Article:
By default, MySQL will start auto incrementing from 1 with each new entry. This means the first entry in a database is 1, the second is 2, and so on. Occasionally, it may be helpful to start this number at another value. It could be for sequential product numbers, better disguised customer ID numbers, or any number of other programmatic reasons. Many regular MySQL users don’t realize it but MySQL has a simple method of choosing the auto increment starting value for a given table. You can adjust the number to whatever you would like by executing the following SQL:


(Where 1000 is the number you would like to start the auto incrementing at)

Easily Find the Latest Versions of Javascript Libraries at Google Code

A couple days ago Dustin brought a great site to my attention. It is called and is located at:

Using this site, a developer can easily locate and copy the latest stable version of their favorite library. This can be a real time saver in searching out the various library links. It would be really nice if they also had associated elements like the sets of pre-constructed stylesheets for jQuery UI. I keep a list here: but being able to get all of that information in one location would be fantastic.

Right now supports jQuery, jQuery UI, Chrome Frame, SwfObject, MooTools,m Prototype, YUI, Dojo, ExtJS, and All you have to do is find your library, click on the copy button, and you have on your clipboard all of the code required to embed the library.

The Grove in Cheney WA – The Downside to Facebook Fan Pages for Businesses

I was browsing Facebook today and a post from my little sister Kelsey caught my attention. Kelsey is currently a student at Eastern Washington University. She lives off campus at a privately owned apartment complex called the Grove. The Grove is a new complex designed specifically for students. It includes a number amenities like tanning, swimming, basketball, and shared recreational room. The post from Kelsey was a notification that she “likes” a fan paged named “Not living at the Grove next year.” Upon further inspection I realized that the group had at least count 323 people in agreement with my sister. Most of whom were or are residents of the complex. This caught my attention and I decided to dig deeper.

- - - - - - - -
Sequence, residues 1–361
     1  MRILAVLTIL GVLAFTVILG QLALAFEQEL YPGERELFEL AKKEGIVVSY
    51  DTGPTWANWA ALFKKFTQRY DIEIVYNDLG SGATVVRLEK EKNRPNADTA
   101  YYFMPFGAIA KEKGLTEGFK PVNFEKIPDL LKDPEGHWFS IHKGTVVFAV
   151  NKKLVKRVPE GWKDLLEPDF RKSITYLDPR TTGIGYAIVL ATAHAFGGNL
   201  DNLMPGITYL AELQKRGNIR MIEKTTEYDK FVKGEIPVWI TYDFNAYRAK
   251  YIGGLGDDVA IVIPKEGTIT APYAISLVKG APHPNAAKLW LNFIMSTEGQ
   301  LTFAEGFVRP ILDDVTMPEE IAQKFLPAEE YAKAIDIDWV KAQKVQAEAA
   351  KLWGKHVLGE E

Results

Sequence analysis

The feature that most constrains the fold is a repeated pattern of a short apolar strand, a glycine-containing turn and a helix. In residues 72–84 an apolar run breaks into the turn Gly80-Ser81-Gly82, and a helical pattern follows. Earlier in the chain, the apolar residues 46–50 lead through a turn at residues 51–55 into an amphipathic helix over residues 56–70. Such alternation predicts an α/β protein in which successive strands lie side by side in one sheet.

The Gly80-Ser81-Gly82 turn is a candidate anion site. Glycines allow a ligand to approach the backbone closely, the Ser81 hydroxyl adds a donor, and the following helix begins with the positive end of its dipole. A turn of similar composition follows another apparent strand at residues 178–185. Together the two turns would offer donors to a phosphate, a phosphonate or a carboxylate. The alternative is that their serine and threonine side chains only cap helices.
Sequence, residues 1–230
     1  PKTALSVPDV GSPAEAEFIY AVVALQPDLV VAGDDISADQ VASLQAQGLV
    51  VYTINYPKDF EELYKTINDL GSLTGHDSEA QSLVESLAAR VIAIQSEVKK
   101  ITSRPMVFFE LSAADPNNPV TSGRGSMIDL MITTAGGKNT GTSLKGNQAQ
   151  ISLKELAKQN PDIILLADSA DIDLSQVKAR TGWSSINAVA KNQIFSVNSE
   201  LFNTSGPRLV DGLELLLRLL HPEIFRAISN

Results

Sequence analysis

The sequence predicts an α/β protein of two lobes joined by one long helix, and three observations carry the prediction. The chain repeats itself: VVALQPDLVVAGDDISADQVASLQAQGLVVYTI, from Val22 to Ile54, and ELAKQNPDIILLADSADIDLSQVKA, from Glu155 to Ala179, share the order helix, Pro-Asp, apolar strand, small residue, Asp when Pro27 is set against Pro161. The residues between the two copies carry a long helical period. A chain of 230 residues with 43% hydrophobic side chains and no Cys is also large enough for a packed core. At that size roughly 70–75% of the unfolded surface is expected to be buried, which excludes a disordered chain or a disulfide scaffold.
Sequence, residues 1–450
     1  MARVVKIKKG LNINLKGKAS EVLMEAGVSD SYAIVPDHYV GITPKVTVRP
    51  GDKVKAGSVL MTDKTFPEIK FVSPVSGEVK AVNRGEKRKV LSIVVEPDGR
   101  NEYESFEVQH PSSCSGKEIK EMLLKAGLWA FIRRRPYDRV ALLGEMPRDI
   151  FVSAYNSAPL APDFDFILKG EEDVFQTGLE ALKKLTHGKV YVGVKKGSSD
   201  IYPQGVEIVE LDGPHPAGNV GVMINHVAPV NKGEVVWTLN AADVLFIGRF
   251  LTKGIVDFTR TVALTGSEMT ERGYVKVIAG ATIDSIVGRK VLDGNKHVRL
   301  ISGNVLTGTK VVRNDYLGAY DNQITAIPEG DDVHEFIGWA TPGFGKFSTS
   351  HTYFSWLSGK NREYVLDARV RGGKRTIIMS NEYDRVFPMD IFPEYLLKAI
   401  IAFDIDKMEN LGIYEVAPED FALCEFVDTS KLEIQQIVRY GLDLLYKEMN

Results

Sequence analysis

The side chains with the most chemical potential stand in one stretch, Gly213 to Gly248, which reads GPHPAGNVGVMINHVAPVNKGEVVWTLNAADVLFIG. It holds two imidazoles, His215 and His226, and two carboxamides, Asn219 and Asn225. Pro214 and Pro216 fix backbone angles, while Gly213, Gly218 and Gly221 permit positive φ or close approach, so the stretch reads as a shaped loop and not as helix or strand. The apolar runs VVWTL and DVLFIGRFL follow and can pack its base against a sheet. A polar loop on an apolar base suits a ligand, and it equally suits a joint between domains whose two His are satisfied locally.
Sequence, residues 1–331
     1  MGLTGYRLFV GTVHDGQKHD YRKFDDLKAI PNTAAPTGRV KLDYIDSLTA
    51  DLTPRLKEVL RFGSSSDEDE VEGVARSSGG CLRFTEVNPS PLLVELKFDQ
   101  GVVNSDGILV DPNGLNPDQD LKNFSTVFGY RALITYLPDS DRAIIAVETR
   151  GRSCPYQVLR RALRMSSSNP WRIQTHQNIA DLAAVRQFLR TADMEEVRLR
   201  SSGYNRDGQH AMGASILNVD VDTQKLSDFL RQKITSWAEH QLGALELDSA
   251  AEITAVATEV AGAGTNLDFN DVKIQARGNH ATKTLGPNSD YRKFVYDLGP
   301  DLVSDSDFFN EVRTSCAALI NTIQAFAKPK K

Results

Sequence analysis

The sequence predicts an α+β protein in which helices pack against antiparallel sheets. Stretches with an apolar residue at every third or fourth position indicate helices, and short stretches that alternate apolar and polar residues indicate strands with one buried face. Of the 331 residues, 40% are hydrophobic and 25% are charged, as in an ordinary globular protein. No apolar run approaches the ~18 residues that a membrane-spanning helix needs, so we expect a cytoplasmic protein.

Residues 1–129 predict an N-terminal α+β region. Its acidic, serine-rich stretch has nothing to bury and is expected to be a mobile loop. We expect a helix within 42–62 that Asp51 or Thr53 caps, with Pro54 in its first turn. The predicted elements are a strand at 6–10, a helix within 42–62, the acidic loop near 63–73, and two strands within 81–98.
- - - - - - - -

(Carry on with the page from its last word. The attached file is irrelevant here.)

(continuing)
Now, I can’t say much for or against the Grove because I have never lived there personally. I know both my sisters have lived there and neither enjoyed the experience. I did assist them when they moved in and I can say that their apartment was completely filthy, the electricity didn’t work in one bathroom, the mattress had a huge brown stain that went clear through, the door to that bathroom didn’t open all the way because it hit the toilet, and there were insects breeding in the closet. However, I also must say the furniture was brand new, all the appliances worked, and when they called maintenance someone was there in less then 30 minutes on move in Saturday to help fix the various electrical problems. Overall, in my opinion, even with the various negatives it was far superior to the nasty old houses most of my friends lived in while I was attending EWU.

Anyway, enough background, now to my point. After discovering so many students disliked the grove I did a search to see if I could find a Facebook page for Grove residents sponsored by management. I was unable to find an official page but I was able to find a page called, “We ♥ The Grove in Cheney, WA.” This group only had 36 fans at the time of writing this. After doing some additional research the only positive information about The Grove I could find was from their poorly designed website that contained a wealth of multi-cultural photos and very little relevant information. Aside from what I found on Facebook I also found a number of negative Twitter posts and reviews on various review websites none of which had an official response from The Grove management.